American industry prospered off trade with the Allies. Germany and the Central Powers protested American trading with the Allies, although America wasn't breaking the international neutrality laws -- Germany was free to trade with the U.S., but Britain prevented this trade by controlling the Atlantic Ocean by which Germany had to cross in order to trade with the U.S.
In 1915, several months after Germany started to use submarines in the war, one of Germany's submarines sunk the British liner Lusitania, killing 128 Americans.
Americans demanded war but President Wilson stood strong on his stance against war. When Germany sunk another British liner, the Arabic, in 1915, Berlin agreed to not sink unarmed passenger ships without warning. Germany continued to sink innocent ships as apparent when one of its submarines sank a French passenger steamer, the Sussex. President Wilson informed the Germans that unless they renounced the inhuman practice of sinking merchant ships without warning, he would break diplomatic relations, leading to war. Germany agreed to Wilson's ultimatum, but attached additions to their Sussex pledge: the United States would have to persuade the Allies to modify what Berlin regarded as their illegal blockade. Wilson accepted the Germany pledge, without accepting the "string" of additions.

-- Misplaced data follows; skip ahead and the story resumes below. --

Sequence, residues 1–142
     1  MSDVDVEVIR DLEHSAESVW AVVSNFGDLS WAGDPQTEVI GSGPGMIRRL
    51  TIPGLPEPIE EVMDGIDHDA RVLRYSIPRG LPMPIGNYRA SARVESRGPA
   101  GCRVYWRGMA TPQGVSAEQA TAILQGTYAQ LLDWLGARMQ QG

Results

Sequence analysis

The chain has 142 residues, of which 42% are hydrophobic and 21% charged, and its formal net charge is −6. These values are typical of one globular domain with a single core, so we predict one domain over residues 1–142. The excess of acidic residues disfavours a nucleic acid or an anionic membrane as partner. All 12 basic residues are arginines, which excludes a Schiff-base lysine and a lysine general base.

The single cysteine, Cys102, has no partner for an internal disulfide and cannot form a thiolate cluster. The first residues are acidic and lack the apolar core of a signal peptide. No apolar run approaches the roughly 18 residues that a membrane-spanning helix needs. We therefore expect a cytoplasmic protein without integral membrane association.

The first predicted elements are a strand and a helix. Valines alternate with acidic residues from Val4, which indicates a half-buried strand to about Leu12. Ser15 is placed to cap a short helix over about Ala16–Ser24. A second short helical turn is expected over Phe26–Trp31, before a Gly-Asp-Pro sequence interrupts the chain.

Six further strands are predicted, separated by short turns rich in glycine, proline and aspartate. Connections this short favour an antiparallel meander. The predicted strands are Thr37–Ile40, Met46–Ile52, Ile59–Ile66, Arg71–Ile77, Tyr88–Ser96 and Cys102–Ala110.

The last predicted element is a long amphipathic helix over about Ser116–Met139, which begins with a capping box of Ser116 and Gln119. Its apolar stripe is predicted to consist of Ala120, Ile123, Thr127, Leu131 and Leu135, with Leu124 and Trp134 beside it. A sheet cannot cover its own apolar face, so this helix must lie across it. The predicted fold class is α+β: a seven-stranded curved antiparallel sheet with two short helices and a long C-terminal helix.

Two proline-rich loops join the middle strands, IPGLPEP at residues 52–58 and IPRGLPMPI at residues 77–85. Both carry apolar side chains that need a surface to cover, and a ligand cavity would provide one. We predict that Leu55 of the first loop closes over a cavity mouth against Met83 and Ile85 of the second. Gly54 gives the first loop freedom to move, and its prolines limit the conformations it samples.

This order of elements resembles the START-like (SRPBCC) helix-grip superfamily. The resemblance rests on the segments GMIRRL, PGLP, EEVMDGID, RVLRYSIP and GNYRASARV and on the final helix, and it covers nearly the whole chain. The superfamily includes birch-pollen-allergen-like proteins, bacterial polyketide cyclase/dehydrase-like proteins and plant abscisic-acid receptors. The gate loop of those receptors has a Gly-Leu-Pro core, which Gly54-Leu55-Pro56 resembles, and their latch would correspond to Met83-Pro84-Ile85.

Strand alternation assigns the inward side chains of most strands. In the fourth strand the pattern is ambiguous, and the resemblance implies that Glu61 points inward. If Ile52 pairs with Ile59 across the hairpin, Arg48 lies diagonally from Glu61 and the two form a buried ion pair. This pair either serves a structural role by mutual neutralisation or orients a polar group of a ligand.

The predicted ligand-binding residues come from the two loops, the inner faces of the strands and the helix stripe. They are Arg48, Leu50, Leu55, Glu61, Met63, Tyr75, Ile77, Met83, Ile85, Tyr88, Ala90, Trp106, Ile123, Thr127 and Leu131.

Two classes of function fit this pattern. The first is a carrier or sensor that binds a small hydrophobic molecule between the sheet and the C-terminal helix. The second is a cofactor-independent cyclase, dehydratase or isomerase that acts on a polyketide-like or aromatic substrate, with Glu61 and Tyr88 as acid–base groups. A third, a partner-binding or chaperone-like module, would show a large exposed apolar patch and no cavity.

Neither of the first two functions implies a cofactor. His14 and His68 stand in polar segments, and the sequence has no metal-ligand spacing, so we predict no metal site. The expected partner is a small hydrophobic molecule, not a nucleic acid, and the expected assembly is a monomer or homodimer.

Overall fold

Wilson Wins the Reelection in 1916
The Progressive Party and the Republican Party met in 1916 to choose their presidential candidate. Although nominated by the Progressives, Theodore Roosevelt refused to run for president. The Republicans chose Supreme Court justice Charles Evans Hughes. The Republican platform condemned the Democratic tariff, assaults on the trusts, and Wilson's dealings with Mexico and Germany.
The Democrats chose Wilson and ran an anti-war campaign. Woodrow Wilsonwon the election of 1916 and was reelected to the presidency.